Since its inception in 1958, DRDO has been the backbone of Indian defence research but over the years, the premier agency has grappled with accusations like corruption, nepotism and not sticking to its delivery targets, plaguing its reputation.
A recent rap by Prime Minister Narendra Modi, who castigated the agency's 'chalta hai' attitude by telling them to that the "world will not wait", asked them to set the agenda for the world.
Stagnation has been an issue with the agency and in a rather honest admission by its chief, Avinash Chander, in an interview with the Indian Express revealed that the agency has been "stagnant for the past five-six years". He, however, added that this has now been rectified and DRDO is now "taking new projects".
He further believes that as more impetus is given to Modi's pet 'Make in India' initiative, it will allow private players to invest more into research and development thereby re-energising the money strapped agency which will now, he said will look for partnerships with the private companies.
He also revealed that out of the 7,500 scientists, there are 18 who have been given an extension. Presently, the agency hires 120-130 annually when it should have been taking in 300-400 scientists on an average per year. This proposal has been under evaluation and the chief has already sounded it to the government, he said.
Young Scientists to Lead in 5 years
Chander relayed that the agency is already aiming to have 10 centres in next five years where each center will have 500 scientists to carry out the research, which will be DRDO-funded. To make this a possibility, it has started the process of picking young scientists from various labs and empowering them with decision-making freedom.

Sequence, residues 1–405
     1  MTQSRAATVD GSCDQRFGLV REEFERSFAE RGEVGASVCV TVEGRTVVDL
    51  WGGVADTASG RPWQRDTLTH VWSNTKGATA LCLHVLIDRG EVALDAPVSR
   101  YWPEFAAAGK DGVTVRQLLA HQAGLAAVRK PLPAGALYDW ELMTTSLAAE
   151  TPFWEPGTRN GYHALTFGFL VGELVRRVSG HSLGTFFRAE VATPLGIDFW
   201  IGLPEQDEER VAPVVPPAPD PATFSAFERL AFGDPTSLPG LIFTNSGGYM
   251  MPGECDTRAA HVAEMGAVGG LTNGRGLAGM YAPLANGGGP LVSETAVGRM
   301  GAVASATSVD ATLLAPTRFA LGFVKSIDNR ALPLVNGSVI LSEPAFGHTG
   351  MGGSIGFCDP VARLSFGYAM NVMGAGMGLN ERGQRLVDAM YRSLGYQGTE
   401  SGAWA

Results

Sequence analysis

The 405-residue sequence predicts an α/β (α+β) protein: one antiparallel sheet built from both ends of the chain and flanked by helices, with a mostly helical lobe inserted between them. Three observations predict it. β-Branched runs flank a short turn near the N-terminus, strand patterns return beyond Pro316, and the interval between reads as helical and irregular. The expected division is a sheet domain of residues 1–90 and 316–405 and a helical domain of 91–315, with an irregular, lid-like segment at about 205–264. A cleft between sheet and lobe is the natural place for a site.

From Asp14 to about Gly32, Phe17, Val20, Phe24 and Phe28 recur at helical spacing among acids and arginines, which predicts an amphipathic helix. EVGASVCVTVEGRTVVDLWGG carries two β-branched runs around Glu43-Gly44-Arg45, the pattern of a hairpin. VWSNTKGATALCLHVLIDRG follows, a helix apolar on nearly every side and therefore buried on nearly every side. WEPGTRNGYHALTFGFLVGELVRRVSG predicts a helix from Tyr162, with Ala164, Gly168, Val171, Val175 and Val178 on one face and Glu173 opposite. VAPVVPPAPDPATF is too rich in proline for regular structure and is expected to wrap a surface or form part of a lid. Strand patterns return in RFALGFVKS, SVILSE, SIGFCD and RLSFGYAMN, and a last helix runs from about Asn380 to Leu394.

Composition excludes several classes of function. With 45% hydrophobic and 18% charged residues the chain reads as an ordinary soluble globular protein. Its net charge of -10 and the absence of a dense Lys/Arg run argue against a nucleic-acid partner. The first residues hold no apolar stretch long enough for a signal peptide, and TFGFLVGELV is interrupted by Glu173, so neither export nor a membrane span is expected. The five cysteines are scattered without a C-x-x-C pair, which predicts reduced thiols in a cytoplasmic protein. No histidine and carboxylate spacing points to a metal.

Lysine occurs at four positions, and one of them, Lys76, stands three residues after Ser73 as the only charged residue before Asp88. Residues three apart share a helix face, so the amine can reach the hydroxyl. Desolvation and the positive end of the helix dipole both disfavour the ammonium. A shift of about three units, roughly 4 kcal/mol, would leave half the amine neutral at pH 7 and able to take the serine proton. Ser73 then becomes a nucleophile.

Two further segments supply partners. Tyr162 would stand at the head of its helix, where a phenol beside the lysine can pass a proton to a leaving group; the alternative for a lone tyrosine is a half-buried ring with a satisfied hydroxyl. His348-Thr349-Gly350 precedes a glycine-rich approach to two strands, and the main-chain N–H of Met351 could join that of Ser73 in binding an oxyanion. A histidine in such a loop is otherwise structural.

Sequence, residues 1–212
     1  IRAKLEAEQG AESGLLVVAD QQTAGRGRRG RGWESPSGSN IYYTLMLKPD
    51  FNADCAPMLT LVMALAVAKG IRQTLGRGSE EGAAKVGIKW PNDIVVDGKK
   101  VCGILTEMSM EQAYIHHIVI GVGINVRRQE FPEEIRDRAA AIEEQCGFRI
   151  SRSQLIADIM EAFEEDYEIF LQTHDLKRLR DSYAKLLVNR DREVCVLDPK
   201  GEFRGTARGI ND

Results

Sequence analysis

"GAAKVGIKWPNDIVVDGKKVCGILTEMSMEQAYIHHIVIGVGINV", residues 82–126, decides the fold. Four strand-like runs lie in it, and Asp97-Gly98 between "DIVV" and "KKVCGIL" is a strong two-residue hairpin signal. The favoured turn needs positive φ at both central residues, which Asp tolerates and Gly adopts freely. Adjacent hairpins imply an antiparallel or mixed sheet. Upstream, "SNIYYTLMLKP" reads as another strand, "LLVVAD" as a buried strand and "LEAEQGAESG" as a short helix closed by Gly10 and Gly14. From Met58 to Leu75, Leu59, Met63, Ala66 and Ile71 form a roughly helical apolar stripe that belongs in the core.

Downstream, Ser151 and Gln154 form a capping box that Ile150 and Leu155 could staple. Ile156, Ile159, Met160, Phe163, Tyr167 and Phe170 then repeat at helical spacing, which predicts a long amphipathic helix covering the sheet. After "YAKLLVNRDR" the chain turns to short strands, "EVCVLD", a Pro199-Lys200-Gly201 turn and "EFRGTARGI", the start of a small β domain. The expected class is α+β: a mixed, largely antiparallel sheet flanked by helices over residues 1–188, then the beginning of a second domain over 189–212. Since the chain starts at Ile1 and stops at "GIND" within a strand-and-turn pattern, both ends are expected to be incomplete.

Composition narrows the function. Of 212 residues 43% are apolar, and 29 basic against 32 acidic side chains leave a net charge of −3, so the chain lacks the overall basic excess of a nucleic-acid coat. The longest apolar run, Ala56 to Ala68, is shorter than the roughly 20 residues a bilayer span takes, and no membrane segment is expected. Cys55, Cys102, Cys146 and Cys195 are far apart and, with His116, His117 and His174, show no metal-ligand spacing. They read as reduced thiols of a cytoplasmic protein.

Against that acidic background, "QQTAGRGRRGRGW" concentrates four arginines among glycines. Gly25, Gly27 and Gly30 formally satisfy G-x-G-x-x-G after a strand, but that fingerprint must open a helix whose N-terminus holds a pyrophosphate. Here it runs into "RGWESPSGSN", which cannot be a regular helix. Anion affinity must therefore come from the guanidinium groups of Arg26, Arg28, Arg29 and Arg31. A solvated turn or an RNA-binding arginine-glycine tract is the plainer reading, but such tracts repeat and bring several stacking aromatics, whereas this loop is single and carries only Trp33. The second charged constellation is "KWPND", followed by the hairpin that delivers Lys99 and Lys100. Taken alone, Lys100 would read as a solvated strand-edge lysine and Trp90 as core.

He spoke about a network of knowledge that is being created. The agency has already partnered with IIT Mumbai, Chennai for propulsion systems, with Jadhavpur University for robotics, IIT Jodhpur for materials via MOUs.
Major Future Platforms
Regarding some of the major future platforms that DRDO was working on, Mr. Chander revealed that the Advanced Medium Combat Aircraft (AMCA) has not left the design board and considering the 15 year development cycle of aircrafts, it must be out by 2027-2030.
LCAs will already be rolling out of the stables by then, he added.
The Short Range Surface to Air Missile (SRSAM) is under re-evaluation due to the "maturing" of Akash and versions of Akash.
Meanwhile, the government recently extended the tenure of Chander through Presidential order in November, 2014 by 18 months. Previously, he was directly involved in the success of India's long-range missile systems.
DRDO, however, did not approve of the extension of retirement for four senior scientists. The agency has plans to enter the global arms market and has already shortlisted about 15 weapon systems that could be of interest to India's allies.